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Rick, "book cover" problem was examined in these threads:
Book give away and Worst book cover ever.
But you made a significant contribution!
----------------------------
"I like the Manning books, but they have GOT to stop putting pictures of crossdressers on the cover of their books. I have to take that thing on the train with me!"
Rick Silva
 
Shura Balaganov
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More on "Worst Book Covers" topic, since I didn't participate in that other discussion... The more I talk to programmers the more I realise they are mostly introverted, unsecure egomaniacs.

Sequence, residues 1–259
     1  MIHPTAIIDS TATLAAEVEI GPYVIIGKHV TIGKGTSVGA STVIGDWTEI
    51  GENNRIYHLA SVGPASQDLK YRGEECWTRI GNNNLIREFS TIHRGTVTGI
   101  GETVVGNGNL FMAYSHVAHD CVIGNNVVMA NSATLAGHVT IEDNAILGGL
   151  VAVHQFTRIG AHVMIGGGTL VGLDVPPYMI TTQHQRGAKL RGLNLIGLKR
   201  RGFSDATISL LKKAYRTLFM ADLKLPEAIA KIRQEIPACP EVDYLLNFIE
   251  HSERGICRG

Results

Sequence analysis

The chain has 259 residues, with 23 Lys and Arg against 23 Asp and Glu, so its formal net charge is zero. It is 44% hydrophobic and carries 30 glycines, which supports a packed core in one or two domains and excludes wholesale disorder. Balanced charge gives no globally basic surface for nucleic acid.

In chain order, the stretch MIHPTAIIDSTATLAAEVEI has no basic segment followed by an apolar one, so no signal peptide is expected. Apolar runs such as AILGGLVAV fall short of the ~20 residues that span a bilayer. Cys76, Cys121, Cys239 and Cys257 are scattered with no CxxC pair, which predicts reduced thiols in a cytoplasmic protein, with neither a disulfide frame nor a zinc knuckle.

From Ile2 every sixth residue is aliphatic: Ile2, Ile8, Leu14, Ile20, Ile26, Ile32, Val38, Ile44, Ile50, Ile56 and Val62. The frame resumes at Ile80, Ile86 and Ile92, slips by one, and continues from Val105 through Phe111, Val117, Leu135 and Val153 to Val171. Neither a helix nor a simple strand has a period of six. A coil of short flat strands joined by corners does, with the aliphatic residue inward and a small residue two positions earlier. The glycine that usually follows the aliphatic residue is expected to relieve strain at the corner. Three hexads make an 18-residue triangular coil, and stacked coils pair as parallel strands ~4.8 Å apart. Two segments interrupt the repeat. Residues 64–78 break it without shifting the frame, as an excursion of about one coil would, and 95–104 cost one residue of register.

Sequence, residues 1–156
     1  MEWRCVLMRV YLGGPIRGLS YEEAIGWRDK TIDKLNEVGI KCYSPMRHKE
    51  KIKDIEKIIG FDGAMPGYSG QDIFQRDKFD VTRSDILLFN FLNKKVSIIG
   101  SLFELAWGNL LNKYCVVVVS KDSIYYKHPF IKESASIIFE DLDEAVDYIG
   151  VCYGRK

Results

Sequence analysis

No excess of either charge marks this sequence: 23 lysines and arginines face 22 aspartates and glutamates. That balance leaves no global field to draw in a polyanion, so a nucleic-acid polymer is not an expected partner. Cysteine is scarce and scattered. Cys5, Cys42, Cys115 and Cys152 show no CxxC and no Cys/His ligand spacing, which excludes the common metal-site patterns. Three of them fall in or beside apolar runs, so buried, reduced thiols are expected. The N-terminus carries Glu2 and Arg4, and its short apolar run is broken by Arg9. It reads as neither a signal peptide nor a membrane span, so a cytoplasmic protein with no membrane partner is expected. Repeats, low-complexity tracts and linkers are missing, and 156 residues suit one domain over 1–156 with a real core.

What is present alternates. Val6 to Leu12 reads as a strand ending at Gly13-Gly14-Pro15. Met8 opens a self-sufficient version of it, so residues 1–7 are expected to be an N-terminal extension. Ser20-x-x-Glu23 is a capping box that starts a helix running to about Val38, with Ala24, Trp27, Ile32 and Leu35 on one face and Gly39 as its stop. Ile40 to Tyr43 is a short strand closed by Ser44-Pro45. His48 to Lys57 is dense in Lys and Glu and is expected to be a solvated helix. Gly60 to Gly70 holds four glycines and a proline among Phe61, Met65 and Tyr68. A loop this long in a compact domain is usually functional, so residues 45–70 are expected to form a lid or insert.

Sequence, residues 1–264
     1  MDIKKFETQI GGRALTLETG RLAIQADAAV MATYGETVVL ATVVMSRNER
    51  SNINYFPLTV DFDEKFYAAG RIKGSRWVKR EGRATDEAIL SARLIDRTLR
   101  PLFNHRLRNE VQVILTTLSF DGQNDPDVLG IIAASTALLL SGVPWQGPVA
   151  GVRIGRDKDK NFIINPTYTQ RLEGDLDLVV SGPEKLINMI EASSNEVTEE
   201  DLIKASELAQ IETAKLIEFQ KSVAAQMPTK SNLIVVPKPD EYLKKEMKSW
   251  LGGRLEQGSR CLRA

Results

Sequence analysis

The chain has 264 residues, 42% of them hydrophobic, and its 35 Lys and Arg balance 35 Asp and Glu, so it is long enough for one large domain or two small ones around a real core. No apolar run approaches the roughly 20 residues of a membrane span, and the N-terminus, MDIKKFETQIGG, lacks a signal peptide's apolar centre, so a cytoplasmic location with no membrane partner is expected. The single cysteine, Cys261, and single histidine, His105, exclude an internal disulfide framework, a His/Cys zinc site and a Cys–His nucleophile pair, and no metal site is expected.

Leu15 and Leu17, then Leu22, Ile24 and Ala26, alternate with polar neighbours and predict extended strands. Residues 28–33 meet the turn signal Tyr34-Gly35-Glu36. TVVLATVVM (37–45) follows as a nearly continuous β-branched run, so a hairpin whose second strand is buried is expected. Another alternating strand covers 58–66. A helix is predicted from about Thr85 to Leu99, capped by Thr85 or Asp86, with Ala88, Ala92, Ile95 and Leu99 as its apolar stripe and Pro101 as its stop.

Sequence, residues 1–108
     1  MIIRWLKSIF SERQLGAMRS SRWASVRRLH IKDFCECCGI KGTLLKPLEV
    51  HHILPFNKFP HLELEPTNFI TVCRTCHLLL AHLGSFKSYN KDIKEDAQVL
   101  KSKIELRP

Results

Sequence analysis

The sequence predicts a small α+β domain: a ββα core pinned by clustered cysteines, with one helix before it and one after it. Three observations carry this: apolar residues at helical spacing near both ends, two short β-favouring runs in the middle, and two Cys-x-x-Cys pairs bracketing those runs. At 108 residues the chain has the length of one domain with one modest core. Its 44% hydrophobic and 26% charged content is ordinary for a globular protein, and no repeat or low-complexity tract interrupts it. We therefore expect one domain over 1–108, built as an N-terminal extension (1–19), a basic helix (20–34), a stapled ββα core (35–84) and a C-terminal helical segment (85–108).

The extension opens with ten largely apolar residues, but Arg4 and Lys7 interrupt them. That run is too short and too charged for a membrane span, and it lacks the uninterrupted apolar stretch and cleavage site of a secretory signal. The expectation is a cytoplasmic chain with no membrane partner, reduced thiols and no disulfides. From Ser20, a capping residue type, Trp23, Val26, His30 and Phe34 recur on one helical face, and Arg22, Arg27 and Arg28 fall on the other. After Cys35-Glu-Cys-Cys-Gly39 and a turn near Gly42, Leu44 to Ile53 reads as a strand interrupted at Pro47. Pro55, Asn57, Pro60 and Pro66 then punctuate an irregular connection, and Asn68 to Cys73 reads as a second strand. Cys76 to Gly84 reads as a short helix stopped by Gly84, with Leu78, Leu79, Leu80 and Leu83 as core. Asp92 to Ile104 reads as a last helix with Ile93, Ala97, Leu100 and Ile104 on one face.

We are educated. We usually know more about topic than our boss (well, at least we tend to think so :roll: ). We usually earn good living (when not employed by a sweatshop). WE usually keep a few tricks up our sleeve that we think set us apart from other developers. Oh, and by the way, who wrote that crappy code??!!....
So why are you surprised to see these faces blasted all over big-fat books? Look, mummy, I am so smart they printed my face on a cover!...
Shura
[edit]Ok, I did participate in these discussions...I think I am having memory loss....what memory loss?...[/edit]
[ December 27, 2002: Message edited by: Shura Balaganov ]
 
Shura Balaganov
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Another "boo" for "ASP .NET" I mentioned above. They made a cool insert page that described what Babelfish is, from "Hitchiker's Guide to Galaxy". But then they put it between eve-ry frea-kin' chapter...some 30 times, same page.... :roll:
Shura
 
Anonymous
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O'Reilly